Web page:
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PARTAB RAMCHAND | 15 OCTOBER, 2017

Guwahati Defeat Little More Than A Bad Day In The Office

PARTAB RAMCHAND


The defeat at Guwahati can be taken as a one off, just one bad day at the office. Nothing more should be read into it.

Overall there is just no stopping this Indian juggernaut. It does not matter what format it is. Virat Kohli and his band of conquerors just continue to steamroll the opposition. Be it Test cricket, the Fifty 50 format or the shortest form of the game the Indians are the team to beat. Moreover the victories are so commanding, so emphatic in nature that whatever negative factors that the detractors may point out do not hold water.

The batting, bowling and fielding is working in unison, Kohli is now at the zenith of his leadership abilities installing a sense of self belief in his team and leading from the front as only he can. But the most heartening aspect of this stupendous run of success is that it has been largely scripted by a whole lot of young talent.

It is always good to welcome new players. At the highest level, some make it, some don’t but right now it seems that every young cricketer who dons the India cap is able to pull his weight in no uncertain terms. The bench strength has never been stronger and this augurs well for the future. Of course it also means that even the most established player cannot take his place for granted for there are a number of cricketers who can fill in more than adequately.

While this is true of the team right down the line it is perhaps best underlined by the talent available in the spin bowling department. Spin has always been India’s traditional strength but it is safe to say that never before has there been the kind of embarrassment of riches that they are today. Suddenly Ravi Ashwin and Ravindra Jadeja not too long ago reckoned to be irreplaceable in all formats are not being talked about. The talk now centres round the likes of Axar Patel, Kuldeep Yadav and Yuzvendra Chahal.

And why not? Given the opportunities the trio has grabbed them to such an extent as to make a considerable impact. An orthodox left arm spinner, a leg spinner and a left arm chinaman bowler have provided the kind of variety that has had opposing batsmen in a tizzy. Of course among the three Kuldeep Yadav has garnered most attention. An unorthodox left arm spinner is a rarity and that is the one thing that he has going for him. But whereas chinaman bowlers tend to be expensive Kuldeep is able to keep batsmen guessing by adhering to line and length and always making the ball do something whatever the surface.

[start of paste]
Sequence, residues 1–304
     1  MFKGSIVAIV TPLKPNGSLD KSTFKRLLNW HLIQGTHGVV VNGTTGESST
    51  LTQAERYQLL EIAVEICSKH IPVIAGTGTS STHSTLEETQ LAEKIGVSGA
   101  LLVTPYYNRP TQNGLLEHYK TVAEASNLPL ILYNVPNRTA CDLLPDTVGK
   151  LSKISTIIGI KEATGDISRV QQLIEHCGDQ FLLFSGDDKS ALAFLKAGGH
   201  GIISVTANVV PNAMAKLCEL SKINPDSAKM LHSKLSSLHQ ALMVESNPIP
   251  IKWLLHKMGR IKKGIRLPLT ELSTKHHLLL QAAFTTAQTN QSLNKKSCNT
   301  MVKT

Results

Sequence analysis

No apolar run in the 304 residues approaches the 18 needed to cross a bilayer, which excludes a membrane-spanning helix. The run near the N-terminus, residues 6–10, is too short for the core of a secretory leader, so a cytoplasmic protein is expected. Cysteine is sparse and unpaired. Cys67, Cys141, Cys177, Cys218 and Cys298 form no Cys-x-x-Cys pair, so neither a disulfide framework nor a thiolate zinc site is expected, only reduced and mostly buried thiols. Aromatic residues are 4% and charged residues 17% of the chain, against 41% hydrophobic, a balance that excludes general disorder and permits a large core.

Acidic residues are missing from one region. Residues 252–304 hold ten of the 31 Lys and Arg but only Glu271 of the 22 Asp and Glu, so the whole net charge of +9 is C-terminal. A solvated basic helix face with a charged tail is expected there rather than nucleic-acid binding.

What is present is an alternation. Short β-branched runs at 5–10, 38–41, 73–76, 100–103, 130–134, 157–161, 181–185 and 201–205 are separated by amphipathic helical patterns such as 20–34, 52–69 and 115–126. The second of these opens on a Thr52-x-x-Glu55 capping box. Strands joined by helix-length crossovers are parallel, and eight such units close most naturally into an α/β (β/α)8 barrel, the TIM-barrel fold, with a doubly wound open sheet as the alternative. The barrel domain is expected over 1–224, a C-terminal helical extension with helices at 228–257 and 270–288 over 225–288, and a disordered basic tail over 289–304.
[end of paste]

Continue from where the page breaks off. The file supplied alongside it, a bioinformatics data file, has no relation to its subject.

Of course among the new breed the most talked about cricketer these days is Hardik Pandya. People have gushed about him being the next Kapil Dev but of course that is pure balderdash.

Indian cricket will never again produce a Kapil Dev but needless comparisons aside he is a utility cricketer of very high value. He brings a lot of exuberance into the field and is in the thick of the action whether batting or bowling. His hitting is bold and vigorous and it is his no holds barred aggressive batting that has brought him into the limelight though he has pulled in his weight with the ball too. I feel it would be better if the team management slots him in the lower half of the batting and not promote him to No 4 except as a surprise tactic.

The career of Irfan Pathan another so called Kapil Dev successor was ruined with coach Greg Chappell promoting him up the order. The result was that both his batting and bowling suffered and he could no longer command a regular place in the team before finally being omitted altogether.

Hardik Pandya in fact is part of a new look middle order along with Manish Pandey and Kedar Jadhav. They have so performed so admirably that someone like Lokesh Rahul hitherto a regular in the line-up cannot find a place in the playing eleven. And with Shikhar Dhawan, Rohit Sharma, Ajinkya Rahane and Virat Kohli at the top of the order the batting has a formidable look about it. Add to all this the omnipotent figure of MS Dhoni walking out at almost any position and one can understand why the Indian batting is the most feared in contemporary cricket.

Not that the bowling pales by comparison. Jasprit Bumrah, Mohammed Shammi, Bhuvneshwar Kumar and Umesh Yadav form a quartet of pace bowlers that can bother any batting line-up as they have proved of late. Add to this quartet the trio of spinners and it can be seen that the Indian bowling attack is the most complete in the game. And we are not even talking about Ashwin and Jadeja!

So it can be seen that there is a lot of flexibility in the batting and bowling and this is something the team management will be pleased with. There is every reason to believe that the dominance will continue for an elongated period – yes perhaps even abroad. That is considered the supreme test for the Indian team and I have no doubt that Kohli and his men will past the test with flying colours. In the meantime there should be easy pickings in all formats of the game against the visiting Sri Lankan team next month.

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